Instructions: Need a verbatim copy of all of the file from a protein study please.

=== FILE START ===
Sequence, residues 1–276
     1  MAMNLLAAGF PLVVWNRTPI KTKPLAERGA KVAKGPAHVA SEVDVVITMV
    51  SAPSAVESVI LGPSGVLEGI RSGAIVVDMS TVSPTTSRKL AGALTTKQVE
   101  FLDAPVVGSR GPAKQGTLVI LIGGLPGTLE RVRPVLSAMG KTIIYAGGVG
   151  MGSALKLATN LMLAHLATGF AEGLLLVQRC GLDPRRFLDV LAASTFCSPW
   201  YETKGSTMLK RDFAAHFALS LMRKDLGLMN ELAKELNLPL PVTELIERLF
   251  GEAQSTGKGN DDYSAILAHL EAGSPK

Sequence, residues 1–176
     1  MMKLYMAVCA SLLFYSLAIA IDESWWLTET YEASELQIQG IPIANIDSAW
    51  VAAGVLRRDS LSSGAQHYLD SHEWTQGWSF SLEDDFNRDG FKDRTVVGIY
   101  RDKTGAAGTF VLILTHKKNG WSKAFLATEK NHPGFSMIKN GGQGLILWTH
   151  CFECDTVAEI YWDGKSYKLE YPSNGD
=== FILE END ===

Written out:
Sequence, residues 1–276
     1  MAMNLLAAGF PLVVWNRTPI KTKPLAERGA KVAKGPAHVA SEVDVVITMV
    51  SAPSAVESVI LGPSGVLEGI RSGAIVVDMS TVSPTTSRKL AGALTTKQVE
   101  FLDAPVVGSR GPAKQGTLVI LIGGLPGTLE RVRPVLSAMG KTIIYAGGVG
   151  MGSALKLATN LMLAHLATGF AEGLLLVQRC GLDPRRFLDV LAASTFCSPW
   201  YETKGSTMLK RDFAAHFALS LMRKDLGLMN ELAKELNLPL PVTELIERLF
   251  GEAQSTGKGN DDYSAILAHL EAGSPK

Sequence, residues 1–176
     1  MMKLYMAVCA SLLFYSLAIA IDESWWLTET YEASELQIQG IPIANIDSAW
    51  VAAGVLRRDS LSSGAQHYLD SHEWTQGWSF SLEDDFNRDG FKDRTVVGIY
   101  RDKTGAAGTF VLILTHKKNG WSKAFLATEK NHPGFSMIKN GGQGLILWTH
   151  CFECDTVAEI YWDGKSYKLE YPSNGD